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Spotting hedge fund fraud

Date: Tuesday, April 30, 2013
Author: Fiona Collie, Investment Executive

Frank Casey, who helped blow the whistle on Bernard Madoff, offers four T.I.P.S. to identify fraud

The due diligence that can stop an investor from misplacing their trust and their money with a fraudster doesn't have to be difficult, according to Frank Casey, co-founder, managing partner, Vintage Investment Partners in Boston.

Speaking at the Canadian Alternative Investment Forum in Toronto on Thursday, Casey offered four steps of due diligence that will identify fraud.

"I came up with this anagram T.I.P.S.," said Casey. "What I love about it is that three-quarters of it is qualitative. Family offices can do it on their own, any investor can do it on their own."

Casey was one of a group, called the "Fox Hounds" who blew the whistle on Bernard Madoff's Ponzi scheme, which collapsed in 2008.

Here are Casey's T.I.P.S for identifying possible hedge fund frauds:

> T Third-party verification
Investors need to make sure the hedge fund has third party auditors and custodians.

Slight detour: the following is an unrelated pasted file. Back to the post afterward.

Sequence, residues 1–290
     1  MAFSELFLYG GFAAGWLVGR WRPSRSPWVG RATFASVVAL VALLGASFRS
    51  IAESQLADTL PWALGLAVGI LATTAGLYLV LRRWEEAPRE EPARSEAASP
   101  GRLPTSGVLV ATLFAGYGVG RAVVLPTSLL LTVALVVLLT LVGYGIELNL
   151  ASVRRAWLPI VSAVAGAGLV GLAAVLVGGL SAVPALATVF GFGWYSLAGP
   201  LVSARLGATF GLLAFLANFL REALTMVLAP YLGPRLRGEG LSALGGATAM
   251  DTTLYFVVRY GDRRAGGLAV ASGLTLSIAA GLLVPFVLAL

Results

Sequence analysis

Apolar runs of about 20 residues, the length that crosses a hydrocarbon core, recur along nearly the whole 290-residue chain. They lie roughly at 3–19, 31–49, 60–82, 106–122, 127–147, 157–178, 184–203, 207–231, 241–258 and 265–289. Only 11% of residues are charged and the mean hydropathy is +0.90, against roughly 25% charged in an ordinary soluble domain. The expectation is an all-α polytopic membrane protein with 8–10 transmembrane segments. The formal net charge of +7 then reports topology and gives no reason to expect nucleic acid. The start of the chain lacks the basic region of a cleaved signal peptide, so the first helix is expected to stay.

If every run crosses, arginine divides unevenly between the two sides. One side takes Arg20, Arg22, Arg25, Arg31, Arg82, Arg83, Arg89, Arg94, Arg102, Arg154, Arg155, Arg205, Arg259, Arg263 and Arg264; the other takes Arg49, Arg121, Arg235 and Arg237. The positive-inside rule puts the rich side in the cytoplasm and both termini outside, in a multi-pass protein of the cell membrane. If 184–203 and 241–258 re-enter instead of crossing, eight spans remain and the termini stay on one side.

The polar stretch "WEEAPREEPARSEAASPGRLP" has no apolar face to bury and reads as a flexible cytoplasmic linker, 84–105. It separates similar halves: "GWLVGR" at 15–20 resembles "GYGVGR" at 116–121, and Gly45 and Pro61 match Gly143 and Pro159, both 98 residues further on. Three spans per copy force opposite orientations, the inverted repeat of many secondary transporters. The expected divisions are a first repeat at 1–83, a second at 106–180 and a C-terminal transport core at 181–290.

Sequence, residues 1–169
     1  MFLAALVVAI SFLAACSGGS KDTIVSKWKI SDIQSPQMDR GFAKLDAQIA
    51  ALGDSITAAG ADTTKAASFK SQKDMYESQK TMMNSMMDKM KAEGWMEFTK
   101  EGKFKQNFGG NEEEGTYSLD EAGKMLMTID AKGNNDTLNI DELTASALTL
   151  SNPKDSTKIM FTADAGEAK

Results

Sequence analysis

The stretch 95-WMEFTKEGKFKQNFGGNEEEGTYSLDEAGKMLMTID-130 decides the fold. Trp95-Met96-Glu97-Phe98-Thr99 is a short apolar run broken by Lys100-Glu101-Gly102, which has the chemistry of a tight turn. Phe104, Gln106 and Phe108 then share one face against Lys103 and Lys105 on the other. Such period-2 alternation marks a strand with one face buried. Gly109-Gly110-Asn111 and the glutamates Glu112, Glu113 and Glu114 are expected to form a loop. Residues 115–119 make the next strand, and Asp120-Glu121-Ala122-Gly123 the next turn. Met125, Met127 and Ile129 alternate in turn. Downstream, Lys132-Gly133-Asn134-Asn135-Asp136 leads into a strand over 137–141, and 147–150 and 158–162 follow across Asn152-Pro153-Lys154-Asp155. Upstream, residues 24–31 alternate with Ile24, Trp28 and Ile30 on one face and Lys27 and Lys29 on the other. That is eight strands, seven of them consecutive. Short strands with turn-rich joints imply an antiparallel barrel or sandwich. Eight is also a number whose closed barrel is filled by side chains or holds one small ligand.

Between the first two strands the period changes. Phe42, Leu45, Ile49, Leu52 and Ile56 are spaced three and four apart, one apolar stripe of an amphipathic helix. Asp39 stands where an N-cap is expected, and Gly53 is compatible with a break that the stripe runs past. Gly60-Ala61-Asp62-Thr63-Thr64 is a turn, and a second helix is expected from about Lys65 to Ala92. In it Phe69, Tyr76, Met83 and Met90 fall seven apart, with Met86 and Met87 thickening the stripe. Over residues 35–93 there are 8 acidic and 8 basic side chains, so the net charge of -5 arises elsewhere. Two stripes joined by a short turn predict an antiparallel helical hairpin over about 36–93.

"Madoff was the broker, the manager, the custodian, the administrator," said Casey, "Everybody wanted a piece of this guy and they were willing to ignore the fact that he was his own custodian."

> I Internal controls
The head manager and chief financial officer (CFO) should always be separate, according to Casey. If it is a small firm then they should have a third-party CFO.

> P Pedigree
Investors need to research hedge fund managers and their teams, according to Casey, to make sure they actually have the credentials and experience they claim. Investors and family offices should even go so far as to hire a private investigator.

"I want to see the pedigree of the manager," said Casey, "but also the sub-managers and everybody they're doing business with."

> S Strategy
Study the manager's strategy to look for results that are simply too good to be true. This step requires some knowledge of the markets and how they work.

Casey suggests finding managers that find opportunities in the market but that also eventually lose those same openings.

"Always look for where the capital markets are inefficient," he said, "because if you can find a management team that can exploit that inefficiency and they've got a tailwind behind it they will eventually trade themselves into efficiencies."